Here are some of the key changes under PDPM:
Patient needs trump therapy hours. The biggest shift under PDPM, of course, is that therapy hours are removed as the basis for reimbursement in favor of a patient’s classifications and anticipated needs during the course of his or her stay. Under PDPM, therapists won’t determine a resident’s overall care plan as they have in the past. With RUG-IV, therapy minutes delivered is the primary determinant of payment. Rates are constant throughout a patient’s length of stay, as long as the services provided stay constant. Under PDPM, therapy minutes delivered have no impact on reimbursement, and fewer therapy minutes are incentivized. Physical/occupational therapy (PT/OT) rates decline 2% every seventh day after the patient has stayed 20 days. Non-therapy ancillary (NTA) rates decline by two-thirds after the third day of a patient’s stay.
New case-mix-adjusted payment components are here. Under RUG-IV, there are two case-mix- indexed components (therapy and nursing), but PDPM features five. The PDPM classification methodology actually uses a combination of six payment components to determine reimbursement. Five of them are case-mix adjusted to cover use of SNF resources that vary according to patient characteristics, according to CMS. The sixth component is non-case-mix-adjusted to address use of SNF resources that do not vary by patient. Under PDPM, each patient will be assigned a case-mix classification that drives his/her daily reimbursement rate. To get that daily rate, the rates assigned to the five indexes are combined with a non-indexed component.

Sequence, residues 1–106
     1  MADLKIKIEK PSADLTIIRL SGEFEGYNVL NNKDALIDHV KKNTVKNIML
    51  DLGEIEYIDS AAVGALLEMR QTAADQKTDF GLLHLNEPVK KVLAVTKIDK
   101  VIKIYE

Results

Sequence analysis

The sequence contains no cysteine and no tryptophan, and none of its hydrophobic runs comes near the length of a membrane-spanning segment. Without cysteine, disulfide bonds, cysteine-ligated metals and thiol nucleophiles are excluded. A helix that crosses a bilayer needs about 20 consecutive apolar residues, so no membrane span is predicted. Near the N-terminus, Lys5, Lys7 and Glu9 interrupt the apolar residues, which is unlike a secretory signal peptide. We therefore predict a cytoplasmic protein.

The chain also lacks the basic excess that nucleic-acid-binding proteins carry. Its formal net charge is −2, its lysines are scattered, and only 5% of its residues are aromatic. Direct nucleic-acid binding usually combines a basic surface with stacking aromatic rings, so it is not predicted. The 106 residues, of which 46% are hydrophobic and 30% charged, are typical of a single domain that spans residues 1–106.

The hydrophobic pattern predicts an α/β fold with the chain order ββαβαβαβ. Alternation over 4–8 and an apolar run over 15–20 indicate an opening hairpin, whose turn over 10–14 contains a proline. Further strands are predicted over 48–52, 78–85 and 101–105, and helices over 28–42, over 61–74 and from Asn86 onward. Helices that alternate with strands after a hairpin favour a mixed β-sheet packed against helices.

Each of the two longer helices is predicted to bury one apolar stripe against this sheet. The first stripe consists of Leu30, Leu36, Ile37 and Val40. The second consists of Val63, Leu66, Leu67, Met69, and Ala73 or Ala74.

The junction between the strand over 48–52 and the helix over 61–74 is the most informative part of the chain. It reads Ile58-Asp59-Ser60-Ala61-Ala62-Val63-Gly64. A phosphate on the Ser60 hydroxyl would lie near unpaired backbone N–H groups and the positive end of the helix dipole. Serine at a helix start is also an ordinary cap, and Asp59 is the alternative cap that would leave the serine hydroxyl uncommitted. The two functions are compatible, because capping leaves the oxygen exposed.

PDPM groups patients into one of 10 clinical classifications that are used to help calculate the five case-mix-adjusted components:
- Physical therapy (PT)
- Occupational therapy (OT)
- Speech-language pathology (SLP) services
- Nursing services and social services (Nursing)
- Non-therapy ancillary (NTA) services
For three of the components – PT, OT and NTA – PDPM includes variable per-diem payment adjustments that modify payment based on changes in the use of these services during a patient’s stay.
Accurate coding is critical. Under PDPM, ICD-10 coding forms the basis of reimbursement. This means it will be more important for SNFs to code accurately. According to a Skilled Nursing News’ 2019 reader survey, 63% of more than 400 respondents said PDPM would cause their organization to focus more on coding. Currently, IDC-10 codes aren’t used as well by SNFs because therapy and RUG groupers are driving their reimbursement. But SNFs will need to think about payments in a different way under PDPM. Your staff need not become coding experts, but accurate coding will be critical going forward.